There are examples of positive political campaigns - Ronald Reagan appealed to what America could be, for example - but even that message of hope had an undercurrent of fear, namely that if things did not change, America would stay morassed in 1970s stagflation.
Fear is still used in political campaigns to steer public opinion, but a political scientist claims not everyone is equally predisposed to be influenced by that strategy. Who is most genetically predisposed to be swayed by fear? Well, it is a humanities study done by someone with no science training, so take a guess. Answer farther done if you can't connect the cultural dots.
Anyway, the co-authors have managed to overturn biology and insist that some people have a greater genetic liability ("liability" is another clue to help you answer my question in the paragraph above) and therefore experience higher levels of social fear and will tend to be more supportive of things like anti-immigration and pro-segregation policies (anti-immigration and pro-segregation are two more clues) - yes, if you would like to have immigrants arrive in the country legally, you must be genetically flawed.
Liberal-Conservative Index vs. Self-Report Phobic-Fear Loess Plot. Note: Figure contains the locally weighted robust scatter plot smoothing with confidence intervals, computed in SAS 9.2 (N = 22,412). Higher scores on Phobic-Fear indicate greater fear disposition; higher scores on Liberal-Conservative reflect attitudes that are more liberal. Credit and link: DOI: 10.1111/ajps.12016
Sure, no actual scientist has found evidence for trait-based fear, but this is a humanities study, those are always engaged in an open war on science - all it takes is looking at some surveys and writing up some statistics and it feels science-y. In this case, they picked their survey targets using related people, consisting of twins, siblings, and parents and children - then they made sure to narrow the pool into a group that would give them what they wanted by 'assessing' them using social psychology tools.
Conclusion: Some people had common characteristics and therefore a genetic propensity for a higher level of baseline fear. What is this genetic propensity? Hey, that is for biologists to figure out. When the humanities try to be science-y, it's a lot like a mathematician who says he has mathematically invented time travel and it's up to those physicists to figure out the details.
If only they did some surveys. Oh wait, they did - about immigration and segregation, of all things, showing us that olitical scientists seem to be stuck in 1963. Then those respondents were placed on a liberal-conservative scale - by the scholars - based on self-reported political attitudes.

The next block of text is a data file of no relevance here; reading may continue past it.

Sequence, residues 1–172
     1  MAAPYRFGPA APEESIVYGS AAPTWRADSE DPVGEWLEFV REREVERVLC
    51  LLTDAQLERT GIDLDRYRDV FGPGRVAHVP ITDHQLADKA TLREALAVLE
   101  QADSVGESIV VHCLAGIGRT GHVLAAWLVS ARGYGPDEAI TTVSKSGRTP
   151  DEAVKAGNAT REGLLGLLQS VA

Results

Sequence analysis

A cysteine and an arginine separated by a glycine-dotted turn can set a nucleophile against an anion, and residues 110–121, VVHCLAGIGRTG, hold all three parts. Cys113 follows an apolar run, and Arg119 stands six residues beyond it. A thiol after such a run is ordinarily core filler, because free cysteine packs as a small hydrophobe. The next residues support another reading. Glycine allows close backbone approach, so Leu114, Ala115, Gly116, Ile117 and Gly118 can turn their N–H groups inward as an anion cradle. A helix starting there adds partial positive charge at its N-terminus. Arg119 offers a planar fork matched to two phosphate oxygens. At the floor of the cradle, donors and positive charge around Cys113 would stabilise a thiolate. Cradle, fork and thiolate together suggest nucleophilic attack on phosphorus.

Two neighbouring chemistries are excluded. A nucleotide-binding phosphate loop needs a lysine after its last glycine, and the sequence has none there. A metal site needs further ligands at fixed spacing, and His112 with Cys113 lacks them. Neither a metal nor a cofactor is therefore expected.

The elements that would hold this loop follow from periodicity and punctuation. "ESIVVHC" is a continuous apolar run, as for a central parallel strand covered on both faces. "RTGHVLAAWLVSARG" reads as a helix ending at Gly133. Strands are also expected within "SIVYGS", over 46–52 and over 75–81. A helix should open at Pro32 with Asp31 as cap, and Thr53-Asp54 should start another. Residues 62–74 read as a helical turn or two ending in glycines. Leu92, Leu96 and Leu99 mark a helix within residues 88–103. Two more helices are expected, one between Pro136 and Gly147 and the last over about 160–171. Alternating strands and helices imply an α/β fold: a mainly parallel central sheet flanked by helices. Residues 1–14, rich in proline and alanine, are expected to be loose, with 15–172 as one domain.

No surprise that they found a 'strong correlation' between social fear and anti-immigration, pro-segregation attitudes.
The non-scientists make sure to cover themselves by saying genetics only plays a 'part' in influencing political preference - yet they don't show evidence it plays any role at all, this is just the self-recurring meme invented by people who want to pretend their cultural intolerance is evidence-based. Evidence that voting is genetic? Still none, so their desire to do more studies to show how genetic pathways influence fear is a logical fallacy.
Some of this is just playing to the crowd, really. The unknown empire of epigenetics has made it possible for everyone to speculate that their pet social hypotheses may be grounded in biology. And even astute science readers are prone to acceptance ideas as science when it gets mainstream media attention - global warming acceptance goes up and down with weather events despite the fact that serious climate scientists have never said local weather events should be linked to global warming. They are right to caution against that - if we accept local weather in the American midwest, for example, then global warming did not exist until the summer of 2012.
So biologists cautioning that there is no evidence that there is a genetic basis to voting or being a liberal or anything else won't do much good in the court of public opinion once Mother Jones and Psychology Today start pumping out feel-good fallacy articles claiming a science basis that the 50% of America that is politically in opposition to the social sciences - non-liberals - are baser creatures motivated by fear. But we shouldn't hate them; instead, we should reserve a special sort of biological dhimmitude for them and discourage them from breeding or voting.
Citation: Peter K. Hatemi, Rose McDermott, Lindon J. Eaves, Kenneth S. Kendler, Michael C. Neale, 'Fear as a Disposition and an Emotional State: A Genetic and Environmental Approach to Out-Group Political Preferences', American Journal of Political Science Vol 57 Issue 2 DOI: 10.1111/ajps.12016